SISSONVILLE, W.Va. -- Margaret Johnson placed a "For Sale" sign in front of her home Thursday.
Although NiSource officials say her house on Sissonville Drive is safe, Johnson said the thought of sleeping there after Tuesday's massive gas line explosion and fire is overwhelming.
"My sense of security in my home has been taken away," said Johnson, 60, whose home is about 1,000 yards from where the blast occurred.
Several people received minor injures, but the blast and resulting fires destroyed about five homes, burned others and engulfed a large section of Interstate 77, melting asphalt and guardrails.
Johnson and about 20 of her neighbors have been staying at the Sleep Inn on Pennsylvania Avenue, next to Harding's restaurant, since the explosion.
She spent Thursday afternoon talking to officials from the gas company and trying to convince them to sign a piece of paper confirming her house was safe.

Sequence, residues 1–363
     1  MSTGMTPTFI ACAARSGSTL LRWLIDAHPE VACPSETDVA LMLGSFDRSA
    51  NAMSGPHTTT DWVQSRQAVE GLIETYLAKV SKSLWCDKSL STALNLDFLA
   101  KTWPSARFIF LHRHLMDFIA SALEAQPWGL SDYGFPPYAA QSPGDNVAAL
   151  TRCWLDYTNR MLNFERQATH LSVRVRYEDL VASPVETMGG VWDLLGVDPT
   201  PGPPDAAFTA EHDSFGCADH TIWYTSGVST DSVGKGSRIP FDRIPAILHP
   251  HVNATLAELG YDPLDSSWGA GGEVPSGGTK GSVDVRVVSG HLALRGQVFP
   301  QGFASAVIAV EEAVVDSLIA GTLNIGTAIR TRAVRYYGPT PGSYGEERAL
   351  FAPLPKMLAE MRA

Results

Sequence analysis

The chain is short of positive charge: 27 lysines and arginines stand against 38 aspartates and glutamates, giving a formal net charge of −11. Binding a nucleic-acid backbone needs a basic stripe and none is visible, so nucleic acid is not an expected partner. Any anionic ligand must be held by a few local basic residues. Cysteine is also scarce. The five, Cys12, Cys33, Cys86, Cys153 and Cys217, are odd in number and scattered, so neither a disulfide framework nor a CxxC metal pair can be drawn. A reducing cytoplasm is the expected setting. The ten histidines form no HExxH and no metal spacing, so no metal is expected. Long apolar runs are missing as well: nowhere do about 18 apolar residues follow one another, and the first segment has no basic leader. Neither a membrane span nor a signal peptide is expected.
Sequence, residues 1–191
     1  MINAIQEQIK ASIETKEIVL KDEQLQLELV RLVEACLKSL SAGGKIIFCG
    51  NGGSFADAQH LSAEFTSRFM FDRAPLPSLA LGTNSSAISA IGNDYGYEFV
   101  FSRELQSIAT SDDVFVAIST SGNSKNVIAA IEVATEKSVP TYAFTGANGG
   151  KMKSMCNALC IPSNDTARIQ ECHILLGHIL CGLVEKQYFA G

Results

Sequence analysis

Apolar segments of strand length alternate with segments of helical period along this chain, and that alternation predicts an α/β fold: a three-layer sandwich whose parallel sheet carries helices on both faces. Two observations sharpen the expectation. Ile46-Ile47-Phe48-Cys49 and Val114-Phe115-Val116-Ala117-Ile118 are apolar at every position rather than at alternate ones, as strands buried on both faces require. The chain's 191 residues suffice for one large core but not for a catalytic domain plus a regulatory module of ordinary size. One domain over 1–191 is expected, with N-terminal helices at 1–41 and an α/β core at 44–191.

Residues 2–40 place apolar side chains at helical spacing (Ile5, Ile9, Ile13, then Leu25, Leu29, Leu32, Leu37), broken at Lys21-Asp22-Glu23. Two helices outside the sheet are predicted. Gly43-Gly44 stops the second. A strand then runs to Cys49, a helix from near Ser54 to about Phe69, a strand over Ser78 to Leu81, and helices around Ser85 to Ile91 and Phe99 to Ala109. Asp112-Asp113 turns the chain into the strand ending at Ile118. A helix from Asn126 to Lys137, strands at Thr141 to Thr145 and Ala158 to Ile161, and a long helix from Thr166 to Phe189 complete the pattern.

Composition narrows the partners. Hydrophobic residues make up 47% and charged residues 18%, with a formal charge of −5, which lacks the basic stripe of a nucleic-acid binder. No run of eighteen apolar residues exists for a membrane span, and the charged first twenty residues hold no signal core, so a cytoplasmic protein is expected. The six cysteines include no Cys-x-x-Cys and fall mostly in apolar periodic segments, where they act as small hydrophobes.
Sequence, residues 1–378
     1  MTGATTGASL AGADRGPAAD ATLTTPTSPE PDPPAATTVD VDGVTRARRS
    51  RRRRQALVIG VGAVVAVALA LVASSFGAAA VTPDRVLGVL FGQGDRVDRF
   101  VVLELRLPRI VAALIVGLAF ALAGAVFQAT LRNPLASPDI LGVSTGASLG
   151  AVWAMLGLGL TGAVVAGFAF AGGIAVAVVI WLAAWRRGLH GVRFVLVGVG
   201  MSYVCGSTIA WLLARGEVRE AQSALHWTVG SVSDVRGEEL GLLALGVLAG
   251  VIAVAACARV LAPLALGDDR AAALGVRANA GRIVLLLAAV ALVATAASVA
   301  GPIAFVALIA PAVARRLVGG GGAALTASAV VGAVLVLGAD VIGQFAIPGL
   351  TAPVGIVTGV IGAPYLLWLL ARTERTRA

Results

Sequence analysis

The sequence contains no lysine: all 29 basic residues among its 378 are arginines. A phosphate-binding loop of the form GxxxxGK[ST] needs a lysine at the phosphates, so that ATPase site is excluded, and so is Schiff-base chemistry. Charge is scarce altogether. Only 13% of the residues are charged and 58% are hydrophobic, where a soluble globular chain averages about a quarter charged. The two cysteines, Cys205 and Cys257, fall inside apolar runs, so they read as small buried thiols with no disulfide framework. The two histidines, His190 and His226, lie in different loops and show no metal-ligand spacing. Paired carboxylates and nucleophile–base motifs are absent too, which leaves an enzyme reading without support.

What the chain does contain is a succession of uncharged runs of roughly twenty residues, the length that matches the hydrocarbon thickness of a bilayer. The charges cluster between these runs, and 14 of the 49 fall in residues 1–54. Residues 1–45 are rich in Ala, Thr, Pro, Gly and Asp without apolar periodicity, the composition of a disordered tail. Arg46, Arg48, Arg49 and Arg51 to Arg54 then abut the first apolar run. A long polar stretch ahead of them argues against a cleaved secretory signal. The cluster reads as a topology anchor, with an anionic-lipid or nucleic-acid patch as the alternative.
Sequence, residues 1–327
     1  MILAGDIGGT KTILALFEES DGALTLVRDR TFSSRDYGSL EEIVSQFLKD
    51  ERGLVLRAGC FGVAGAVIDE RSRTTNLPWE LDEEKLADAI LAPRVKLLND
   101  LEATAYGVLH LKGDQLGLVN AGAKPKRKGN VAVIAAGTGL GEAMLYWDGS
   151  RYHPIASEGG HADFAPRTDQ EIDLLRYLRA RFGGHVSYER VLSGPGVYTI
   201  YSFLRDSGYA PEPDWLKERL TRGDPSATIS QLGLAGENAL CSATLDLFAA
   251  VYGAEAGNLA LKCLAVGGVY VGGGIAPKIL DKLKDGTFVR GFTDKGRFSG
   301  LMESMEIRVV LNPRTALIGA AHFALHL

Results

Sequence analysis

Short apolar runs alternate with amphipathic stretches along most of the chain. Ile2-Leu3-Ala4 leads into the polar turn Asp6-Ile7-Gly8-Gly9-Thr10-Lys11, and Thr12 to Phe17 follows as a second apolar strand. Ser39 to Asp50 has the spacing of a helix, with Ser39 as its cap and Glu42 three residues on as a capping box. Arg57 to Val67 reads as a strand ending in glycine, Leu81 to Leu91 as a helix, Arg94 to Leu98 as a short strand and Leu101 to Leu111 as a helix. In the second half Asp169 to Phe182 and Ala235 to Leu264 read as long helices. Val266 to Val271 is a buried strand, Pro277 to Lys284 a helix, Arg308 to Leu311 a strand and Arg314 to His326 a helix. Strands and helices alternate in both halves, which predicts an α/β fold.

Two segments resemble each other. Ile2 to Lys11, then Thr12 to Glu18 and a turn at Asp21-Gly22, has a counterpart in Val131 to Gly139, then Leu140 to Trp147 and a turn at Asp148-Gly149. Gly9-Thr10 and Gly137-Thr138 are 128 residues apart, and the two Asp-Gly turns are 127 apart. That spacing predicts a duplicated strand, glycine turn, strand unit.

"No one would sign it," Johnson said. "They all told me they weren't the right person to do that."
Bruce Reynolds, a senior land agent with NiSource, was at Johnson's house Thursday,
"I hope it will never be repeated. It was an accident," Reynolds told Johnson. He gave Johnson his cell phone number and told her to "call me anytime."
Johnson was home Tuesday afternoon when the blast occurred. She, like many others in the neighborhood, thought a plane was crashing in her front yard.
"I heard glass breaking and then this god-awful roar -- I can still hear it in my ears," she said. "I don't think I'll ever forget that sound."